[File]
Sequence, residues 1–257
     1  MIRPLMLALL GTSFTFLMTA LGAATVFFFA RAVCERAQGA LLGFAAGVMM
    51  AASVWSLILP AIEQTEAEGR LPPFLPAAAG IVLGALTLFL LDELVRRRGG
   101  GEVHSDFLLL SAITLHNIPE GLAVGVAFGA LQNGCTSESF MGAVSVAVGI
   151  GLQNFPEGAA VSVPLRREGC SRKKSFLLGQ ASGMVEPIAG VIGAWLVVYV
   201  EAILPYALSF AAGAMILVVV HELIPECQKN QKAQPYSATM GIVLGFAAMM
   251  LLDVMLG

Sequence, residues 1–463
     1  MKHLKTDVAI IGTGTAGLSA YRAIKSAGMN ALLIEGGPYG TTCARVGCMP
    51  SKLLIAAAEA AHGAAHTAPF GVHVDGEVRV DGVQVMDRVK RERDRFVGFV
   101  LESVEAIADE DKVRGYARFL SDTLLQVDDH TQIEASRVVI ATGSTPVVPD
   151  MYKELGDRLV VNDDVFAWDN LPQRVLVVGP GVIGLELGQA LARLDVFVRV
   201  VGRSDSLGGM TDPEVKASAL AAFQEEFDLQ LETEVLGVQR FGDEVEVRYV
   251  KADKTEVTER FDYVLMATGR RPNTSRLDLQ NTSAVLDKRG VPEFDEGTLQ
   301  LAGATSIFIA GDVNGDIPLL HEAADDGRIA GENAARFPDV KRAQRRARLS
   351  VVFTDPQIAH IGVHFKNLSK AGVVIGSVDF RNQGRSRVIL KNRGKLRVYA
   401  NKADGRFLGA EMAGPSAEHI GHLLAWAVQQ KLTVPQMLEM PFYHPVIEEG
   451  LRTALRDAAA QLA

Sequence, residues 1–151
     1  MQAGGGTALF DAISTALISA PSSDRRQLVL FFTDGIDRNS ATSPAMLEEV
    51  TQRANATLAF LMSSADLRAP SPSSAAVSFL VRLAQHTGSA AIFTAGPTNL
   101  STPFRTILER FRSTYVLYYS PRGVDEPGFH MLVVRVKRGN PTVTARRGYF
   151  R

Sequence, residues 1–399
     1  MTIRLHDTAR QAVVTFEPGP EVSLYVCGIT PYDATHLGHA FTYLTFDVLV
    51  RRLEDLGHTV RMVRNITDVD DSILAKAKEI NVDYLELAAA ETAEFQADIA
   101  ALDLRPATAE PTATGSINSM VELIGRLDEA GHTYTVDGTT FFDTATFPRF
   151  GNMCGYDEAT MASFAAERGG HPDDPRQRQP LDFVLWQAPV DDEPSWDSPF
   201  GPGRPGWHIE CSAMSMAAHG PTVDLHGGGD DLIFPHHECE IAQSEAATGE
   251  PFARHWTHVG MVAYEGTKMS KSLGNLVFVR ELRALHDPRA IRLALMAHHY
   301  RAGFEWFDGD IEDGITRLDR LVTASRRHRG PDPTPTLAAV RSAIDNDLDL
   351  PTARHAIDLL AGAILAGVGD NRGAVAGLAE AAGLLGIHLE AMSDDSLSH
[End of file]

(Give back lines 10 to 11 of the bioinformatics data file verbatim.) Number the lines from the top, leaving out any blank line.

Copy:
    51  SKLLIAAAEA AHGAAHTAPF GVHVDGEVRV DGVQVMDRVK RERDRFVGFV
   101  LESVEAIADE DKVRGYARFL SDTLLQVDDH TQIEASRVVI ATGSTPVVPD